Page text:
Friday, January 26, 2018

The Readout by Damian Garde & Meghana Keshavan

Welcome to The Readout, where we keep you on top of the latest in biotech. For more in-depth coverage of biopharma, subscribe to STAT Plus. On Twitter: @damiangarde@megkesh, and @statnews.

Going public is hard enough without surprises

Consider biotech CEOs trying to go public. For weeks, their every day is spent in nondescript offices around the country among a ceaseless parade of analysts and bankers asking the same droning questions in a process called a "roadshow," presumably because of its vaudevillian absurdity.

Now imagine how unpleasant that would be if, at the very end of that process, with that long-desired IPO literally hours away, your company realized that it should probably, maybe, tell the world about an FDA hold on its main drug, something it has known about for months.

That's what happened to Solid Biosciences and its CEO, Ilan Ganot, who presumably had quite a day on Thursday. It's unclear who knew what when, and thus we don't know whether Ganot was sitting on that little FDA tidbit. Either way, his company just managed to make a famously difficult process way, way harder.

And yet, biotech being biotech, Solid's IPO priced anyway on Thursday night — at a discount to what the company wanted — but money's money.

Sure, let's talk about cost



These charts come from a new report out this morning from the consulting firm McKinsey. You probably won't be surprised to hear that drug manufacturers make most of the profits from medicines, and that their profits grew in a time period roughly aligned with former President Obama's second term.

Those facts weren't highlighted in PhRMA's latest campaign, unveiled this week as "Let's Talk About Cost," aimed at shifting the blame about high drug spending onto insurers, pharmacy benefit managers, and just about anyone other than drug makers. PhRMA's new push is not to be confused with insurer Blue Cross Blue Shield of North Carolina's longstanding "Let's Talk Cost" campaign, which blames "overpriced drugs," among other things, for the soaring cost of health care.


15th Annual Health Care Conference at Harvard Business School

Please join us for the 15th Annual Health Care Conference at Harvard Business School on Saturday, February 3, 2018. We will conduct a series of heart to heart conversations with industry leaders, exploring the future of health care in the US and abroad. Featured speakers include Jeffrey Marrazzo (CEO of Spark Therapeutics), Stéphane Bancel (CEO of Moderna Therapeutics), Seema Verma (Administrator of the Centers for Medicare and Medicaid Services), and Tom Mihaljevic (CEO of Cleveland Clinic).

It's not just Alex Azar and Scott Gottlieb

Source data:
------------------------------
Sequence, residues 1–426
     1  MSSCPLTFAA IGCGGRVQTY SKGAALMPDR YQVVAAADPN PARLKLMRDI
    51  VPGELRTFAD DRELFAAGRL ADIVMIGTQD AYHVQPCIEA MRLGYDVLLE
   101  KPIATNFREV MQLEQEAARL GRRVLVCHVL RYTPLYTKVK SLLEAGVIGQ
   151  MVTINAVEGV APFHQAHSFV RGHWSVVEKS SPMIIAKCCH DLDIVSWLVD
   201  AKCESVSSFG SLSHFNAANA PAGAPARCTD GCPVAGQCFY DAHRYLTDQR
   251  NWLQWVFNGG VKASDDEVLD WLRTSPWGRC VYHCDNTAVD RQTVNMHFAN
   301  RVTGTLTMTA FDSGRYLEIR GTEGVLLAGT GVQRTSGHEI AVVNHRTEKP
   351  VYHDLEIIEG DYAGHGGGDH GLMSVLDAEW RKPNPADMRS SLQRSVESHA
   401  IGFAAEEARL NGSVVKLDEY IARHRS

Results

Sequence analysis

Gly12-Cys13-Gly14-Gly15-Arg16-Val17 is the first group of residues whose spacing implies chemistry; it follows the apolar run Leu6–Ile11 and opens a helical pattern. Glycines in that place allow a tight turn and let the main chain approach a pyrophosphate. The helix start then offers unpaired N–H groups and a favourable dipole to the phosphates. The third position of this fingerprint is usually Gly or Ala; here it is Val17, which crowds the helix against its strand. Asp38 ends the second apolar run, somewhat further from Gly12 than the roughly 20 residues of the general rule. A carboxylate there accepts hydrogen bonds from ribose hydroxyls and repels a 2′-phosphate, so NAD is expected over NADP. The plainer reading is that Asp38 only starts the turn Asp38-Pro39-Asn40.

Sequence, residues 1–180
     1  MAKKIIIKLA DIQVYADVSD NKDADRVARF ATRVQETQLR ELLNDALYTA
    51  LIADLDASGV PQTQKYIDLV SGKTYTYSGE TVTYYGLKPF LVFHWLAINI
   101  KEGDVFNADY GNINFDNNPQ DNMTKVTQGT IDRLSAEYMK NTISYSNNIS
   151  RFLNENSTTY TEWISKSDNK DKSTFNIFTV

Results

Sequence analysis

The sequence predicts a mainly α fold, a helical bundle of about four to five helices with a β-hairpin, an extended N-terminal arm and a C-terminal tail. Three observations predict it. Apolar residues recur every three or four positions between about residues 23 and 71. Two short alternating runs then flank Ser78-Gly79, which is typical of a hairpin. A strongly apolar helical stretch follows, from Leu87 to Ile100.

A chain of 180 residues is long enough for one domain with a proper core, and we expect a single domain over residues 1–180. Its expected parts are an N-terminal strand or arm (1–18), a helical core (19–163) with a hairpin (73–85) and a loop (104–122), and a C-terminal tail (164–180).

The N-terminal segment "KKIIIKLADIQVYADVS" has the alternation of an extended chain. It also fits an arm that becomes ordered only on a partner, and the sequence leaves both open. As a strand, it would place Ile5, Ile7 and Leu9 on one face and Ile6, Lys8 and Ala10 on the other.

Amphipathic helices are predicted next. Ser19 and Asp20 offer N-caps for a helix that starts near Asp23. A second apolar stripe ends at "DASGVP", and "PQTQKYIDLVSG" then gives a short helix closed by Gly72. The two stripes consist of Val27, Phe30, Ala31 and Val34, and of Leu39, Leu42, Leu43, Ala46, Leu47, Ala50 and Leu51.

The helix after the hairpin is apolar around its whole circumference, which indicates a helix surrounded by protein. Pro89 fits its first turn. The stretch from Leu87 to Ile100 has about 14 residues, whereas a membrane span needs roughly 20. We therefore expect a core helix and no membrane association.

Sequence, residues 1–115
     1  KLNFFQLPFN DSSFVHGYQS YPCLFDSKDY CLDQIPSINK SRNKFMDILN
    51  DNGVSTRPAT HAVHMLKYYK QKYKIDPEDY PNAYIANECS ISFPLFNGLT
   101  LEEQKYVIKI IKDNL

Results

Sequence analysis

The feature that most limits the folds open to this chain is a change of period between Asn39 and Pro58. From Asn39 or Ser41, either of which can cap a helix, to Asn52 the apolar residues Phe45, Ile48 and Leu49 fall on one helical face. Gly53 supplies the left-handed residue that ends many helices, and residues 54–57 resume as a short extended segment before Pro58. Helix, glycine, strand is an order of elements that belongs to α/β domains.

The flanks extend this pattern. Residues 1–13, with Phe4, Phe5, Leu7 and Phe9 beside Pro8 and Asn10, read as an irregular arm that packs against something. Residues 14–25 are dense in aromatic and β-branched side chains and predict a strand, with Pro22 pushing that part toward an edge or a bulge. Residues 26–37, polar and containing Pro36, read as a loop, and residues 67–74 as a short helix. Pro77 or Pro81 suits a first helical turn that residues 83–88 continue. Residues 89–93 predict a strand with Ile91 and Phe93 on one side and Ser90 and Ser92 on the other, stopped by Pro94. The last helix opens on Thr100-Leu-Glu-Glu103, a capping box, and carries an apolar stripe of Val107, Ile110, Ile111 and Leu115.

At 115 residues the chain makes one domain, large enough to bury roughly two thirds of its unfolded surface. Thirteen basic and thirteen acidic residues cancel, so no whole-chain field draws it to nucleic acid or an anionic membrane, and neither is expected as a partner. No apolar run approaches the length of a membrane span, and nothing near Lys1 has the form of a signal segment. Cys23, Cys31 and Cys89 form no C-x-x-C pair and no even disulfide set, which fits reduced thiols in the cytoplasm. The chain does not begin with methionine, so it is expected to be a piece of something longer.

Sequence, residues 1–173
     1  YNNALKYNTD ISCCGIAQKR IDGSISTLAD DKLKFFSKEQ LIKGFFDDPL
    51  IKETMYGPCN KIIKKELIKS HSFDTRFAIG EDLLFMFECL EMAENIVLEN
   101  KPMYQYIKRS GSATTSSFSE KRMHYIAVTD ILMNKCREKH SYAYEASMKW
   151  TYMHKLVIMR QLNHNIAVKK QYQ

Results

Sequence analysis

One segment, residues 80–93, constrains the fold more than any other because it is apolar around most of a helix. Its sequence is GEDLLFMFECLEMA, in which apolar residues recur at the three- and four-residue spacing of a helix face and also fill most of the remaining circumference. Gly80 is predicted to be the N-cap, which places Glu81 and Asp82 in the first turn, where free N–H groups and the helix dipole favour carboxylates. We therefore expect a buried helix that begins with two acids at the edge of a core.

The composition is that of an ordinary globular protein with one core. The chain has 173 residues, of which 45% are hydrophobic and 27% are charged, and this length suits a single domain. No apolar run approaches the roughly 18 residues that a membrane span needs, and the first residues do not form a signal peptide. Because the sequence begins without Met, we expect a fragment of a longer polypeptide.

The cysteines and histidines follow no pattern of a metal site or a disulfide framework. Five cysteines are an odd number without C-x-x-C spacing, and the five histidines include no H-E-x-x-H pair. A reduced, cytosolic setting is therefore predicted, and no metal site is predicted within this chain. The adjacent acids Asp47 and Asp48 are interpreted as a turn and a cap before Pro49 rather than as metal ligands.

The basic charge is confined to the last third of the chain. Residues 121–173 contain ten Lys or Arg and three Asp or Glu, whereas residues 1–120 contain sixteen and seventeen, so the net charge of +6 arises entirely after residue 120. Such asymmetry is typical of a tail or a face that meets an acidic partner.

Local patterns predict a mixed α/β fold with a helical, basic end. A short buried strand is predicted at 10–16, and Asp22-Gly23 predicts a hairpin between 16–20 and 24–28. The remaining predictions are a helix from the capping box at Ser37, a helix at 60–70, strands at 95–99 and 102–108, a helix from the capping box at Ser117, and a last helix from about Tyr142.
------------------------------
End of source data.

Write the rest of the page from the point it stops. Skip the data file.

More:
We talk a lot about the revolving door between the drug industry and the government that regulates, but the people at Kaiser Health News went ahead and ran the numbers.

At this moment, about 340 former congressional staffers are employed by the drug industry, according to data from Legistorm. And on the other side of the door, more than a dozen former biopharma employees are now working on Capitol Hill.

That raises obvious questions about conflict of interest, which Legistorm duly points out. But here's another thing: Let's say you're a political appointee at an agency that regulates the drug industry, and then let's say there's an administration change that leaves you without a job. You know the drug industry super well, what with all the regulating you used to do, and the government has made it pretty clear you're not welcome back. Wouldn't you perhaps consider pushing the bar on that revolving door?

Get ready for more earnings

Biogen kind of bummed everyone out with that rounding-error-sized acquisition, and Celgene bummed everyone out earlier this month, but next week gives biotech another crack at good news in the form of quarterly earnings.

Can Amgen actually make some money on that $14,000 cholesterol drug? Will Vertex Pharmaceuticals get specific on when its new cystic fibrosis combination might get approved? And is anyone going to buy anything interesting?

We'll find out next week. And then the fun picks up again the week after that, when Gilead Sciences might clue us in as to whether CAR-T can be profitable and Alexion Pharmaceuticals will get a chance to show off its retuned "tone at the top."

Stay tuned.

More reads

  • Xoma's latest pivot: Make money by not making drugs. (San Francisco Business Times)
  • Pharma is scolded by a big fund manager for polluting the environment. (STAT Plus)
  • Pharma gets a seat at the table at private dinner with Trump at Davos. (STAT)

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Thanks for reading! Until tomorrow,


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